We are not talking about

This one is about the case of honesty, not reliability or unreliability. I know you have heard the quip that, ‘Top mechanics and dishonest, and quack mechanics are honest.’

I also think you might have heard about the case of personal drivers who only find schemes to extort their bosses and engage in funny frolics anytime they get the slightest freedom for errands.

It’s a funny world we live in and you can trust nobody, but as Tuface said on his 2006 song See Me So, “You don’t have to trust nobody, but you have to trust someone.”

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Dishonesty is now a norm

If you don’t let go and trust someone, you’re going to be a borderline schizophrenic that takes trust harder than it should be. However, why have we so normalized dishonesty in this country that you expect to be scammed at some point in life.

Dishonesty is now a norm. As I stepped out of the bus today, I saw a driver around Checkpoint, Victoria Island, chauffeuring a Toyota Prado, calling passengers to ‘Lekki Inside, N100.’

That car must cost N5m at least, yet you’re risking your boss’ reputation for just N600? Why would you do that?

There are other ridiculous cases of drivers who have lost their boss’ cars to robbery from doing ‘Soólè’ — unlawful commercial transportation.

In 2012, my mother was advised to start commercial transportation as it was deemed a lucrative business. The first driver was meant to deliver N5,000 a day.

Through his first three weeks, he only delivered N50,000 - He was fired. The second driver was honest in his first one month. The following two months, he kept complaining about false damages to the car.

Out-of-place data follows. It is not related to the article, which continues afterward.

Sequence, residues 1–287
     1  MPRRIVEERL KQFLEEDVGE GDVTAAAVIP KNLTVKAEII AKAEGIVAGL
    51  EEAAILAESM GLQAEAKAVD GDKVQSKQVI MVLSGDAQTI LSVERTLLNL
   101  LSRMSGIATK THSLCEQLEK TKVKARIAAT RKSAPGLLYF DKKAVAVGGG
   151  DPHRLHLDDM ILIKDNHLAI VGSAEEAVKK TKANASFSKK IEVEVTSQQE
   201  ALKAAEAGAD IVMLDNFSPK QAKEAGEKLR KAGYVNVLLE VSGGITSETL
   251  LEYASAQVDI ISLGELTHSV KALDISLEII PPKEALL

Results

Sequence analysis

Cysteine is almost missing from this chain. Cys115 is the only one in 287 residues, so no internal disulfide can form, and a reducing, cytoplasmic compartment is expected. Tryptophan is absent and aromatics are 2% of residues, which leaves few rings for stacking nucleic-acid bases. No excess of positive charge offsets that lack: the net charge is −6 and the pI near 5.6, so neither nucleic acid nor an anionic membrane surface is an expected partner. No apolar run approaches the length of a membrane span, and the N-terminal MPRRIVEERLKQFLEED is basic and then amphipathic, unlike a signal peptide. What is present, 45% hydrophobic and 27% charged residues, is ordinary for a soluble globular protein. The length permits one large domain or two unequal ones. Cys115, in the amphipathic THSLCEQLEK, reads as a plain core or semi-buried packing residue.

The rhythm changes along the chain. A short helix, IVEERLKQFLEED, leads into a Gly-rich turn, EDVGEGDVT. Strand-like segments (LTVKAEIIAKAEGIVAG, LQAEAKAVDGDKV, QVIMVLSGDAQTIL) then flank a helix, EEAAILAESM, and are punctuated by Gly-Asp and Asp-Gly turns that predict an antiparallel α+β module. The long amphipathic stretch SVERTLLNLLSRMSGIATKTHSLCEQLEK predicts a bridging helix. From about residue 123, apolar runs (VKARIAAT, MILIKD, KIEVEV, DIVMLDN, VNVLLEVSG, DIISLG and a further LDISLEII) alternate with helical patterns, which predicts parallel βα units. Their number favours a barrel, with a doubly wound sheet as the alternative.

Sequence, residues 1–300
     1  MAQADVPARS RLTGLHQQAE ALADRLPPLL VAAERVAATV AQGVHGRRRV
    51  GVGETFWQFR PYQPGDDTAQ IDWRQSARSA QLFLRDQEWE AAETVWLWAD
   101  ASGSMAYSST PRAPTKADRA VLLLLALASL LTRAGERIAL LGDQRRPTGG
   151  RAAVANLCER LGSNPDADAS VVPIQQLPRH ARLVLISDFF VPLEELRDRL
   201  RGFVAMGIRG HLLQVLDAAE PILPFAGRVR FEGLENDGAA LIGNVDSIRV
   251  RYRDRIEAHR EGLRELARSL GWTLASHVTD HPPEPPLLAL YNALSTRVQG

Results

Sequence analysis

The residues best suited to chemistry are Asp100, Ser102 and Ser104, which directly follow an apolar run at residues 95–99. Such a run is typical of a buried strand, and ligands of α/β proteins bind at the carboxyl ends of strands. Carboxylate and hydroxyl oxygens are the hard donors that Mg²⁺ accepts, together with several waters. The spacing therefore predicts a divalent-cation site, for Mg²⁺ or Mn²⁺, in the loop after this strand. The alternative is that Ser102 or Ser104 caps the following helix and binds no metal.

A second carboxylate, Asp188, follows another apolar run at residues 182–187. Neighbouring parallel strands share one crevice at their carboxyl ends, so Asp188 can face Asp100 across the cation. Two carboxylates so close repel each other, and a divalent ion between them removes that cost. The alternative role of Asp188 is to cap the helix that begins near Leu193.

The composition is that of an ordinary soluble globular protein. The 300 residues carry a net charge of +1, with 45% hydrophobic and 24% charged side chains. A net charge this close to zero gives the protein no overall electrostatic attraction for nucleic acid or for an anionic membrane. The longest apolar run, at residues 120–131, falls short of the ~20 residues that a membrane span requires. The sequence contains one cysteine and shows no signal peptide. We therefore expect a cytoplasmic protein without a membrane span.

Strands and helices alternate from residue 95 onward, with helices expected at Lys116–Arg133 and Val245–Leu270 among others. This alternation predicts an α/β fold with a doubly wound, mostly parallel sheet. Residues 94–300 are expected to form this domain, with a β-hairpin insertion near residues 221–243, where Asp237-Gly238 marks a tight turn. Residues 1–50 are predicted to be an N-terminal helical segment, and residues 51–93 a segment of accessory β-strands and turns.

The months into the job, the car was found on a route he wasn’t meant to be working with a damaged windscreen and destroyed tires. He was fired.

The third one was so rude, my mother sold the car a month later. For every honest driver, you have 25 dishonest ones.

It’s a norm and a regular thing.

For mechanics, their way is to create phantom problems from healthy vehicles. They will fix said phantom problems but will proceed to keep the supposedly ‘faulty parts they sought to replace’ and sell to another customer.

My cousin was nearly a victim of the same scam about 7 months ago. It is regular. For Toyota users, you have to stay woke; your shock absorber is not always faulty.

No, your car doesn’t need ‘servicing’ every four weeks. And don’t fall for that ‘faulty bushing and tile rod’ thing again, they’re likely scamming you.

It’s a cold world out here. No, your driver didn’t have a flat tire, he used your car for kabu kabu from Ibadan to Lagos. No, your car is not making any funny noise, he’s taking advantage of your innocence.

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They are selfish and greedy

At the root of it all is selfishness, greed, and lack of empathy and transparency from people who pay or will still pay your bills.

If you don’t like the salary, quit the job or talk to your boss. It’s so funny when people in this league also complain about Nigerian politicians and criticize corruption.

Is corruption ingrained or can it only be perpetrated by politicians? The problem is that they have normalized this fraud and misrepresentation that they don’t realize how wrong it is.

It’s why they don’t realize they’re as bad as the politician who embezzled national wealth for his family. National character starts with the unit of a human being.

It’s so bad that we cannot even live freely on the things we buy ourselves anymore because supposedly honest employees might ruin the experience for us.

What then is the solution?

There is no solution than to stay woke and make sure you don’t get scammed.